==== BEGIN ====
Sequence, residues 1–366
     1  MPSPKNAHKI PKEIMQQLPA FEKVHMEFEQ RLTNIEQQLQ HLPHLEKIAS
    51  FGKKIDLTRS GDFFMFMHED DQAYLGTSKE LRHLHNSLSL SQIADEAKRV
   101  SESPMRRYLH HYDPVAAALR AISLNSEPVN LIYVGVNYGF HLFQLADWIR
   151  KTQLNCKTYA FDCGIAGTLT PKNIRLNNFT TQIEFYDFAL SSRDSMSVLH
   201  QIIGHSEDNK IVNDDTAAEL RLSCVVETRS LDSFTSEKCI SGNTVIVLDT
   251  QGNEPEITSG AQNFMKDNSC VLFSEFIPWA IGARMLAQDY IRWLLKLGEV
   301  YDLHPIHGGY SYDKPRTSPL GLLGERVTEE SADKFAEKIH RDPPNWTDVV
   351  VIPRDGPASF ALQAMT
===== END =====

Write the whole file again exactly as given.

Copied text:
Sequence, residues 1–366
     1  MPSPKNAHKI PKEIMQQLPA FEKVHMEFEQ RLTNIEQQLQ HLPHLEKIAS
    51  FGKKIDLTRS GDFFMFMHED DQAYLGTSKE LRHLHNSLSL SQIADEAKRV
   101  SESPMRRYLH HYDPVAAALR AISLNSEPVN LIYVGVNYGF HLFQLADWIR
   151  KTQLNCKTYA FDCGIAGTLT PKNIRLNNFT TQIEFYDFAL SSRDSMSVLH
   201  QIIGHSEDNK IVNDDTAAEL RLSCVVETRS LDSFTSEKCI SGNTVIVLDT
   251  QGNEPEITSG AQNFMKDNSC VLFSEFIPWA IGARMLAQDY IRWLLKLGEV
   301  YDLHPIHGGY SYDKPRTSPL GLLGERVTEE SADKFAEKIH RDPPNWTDVV
   351  VIPRDGPASF ALQAMT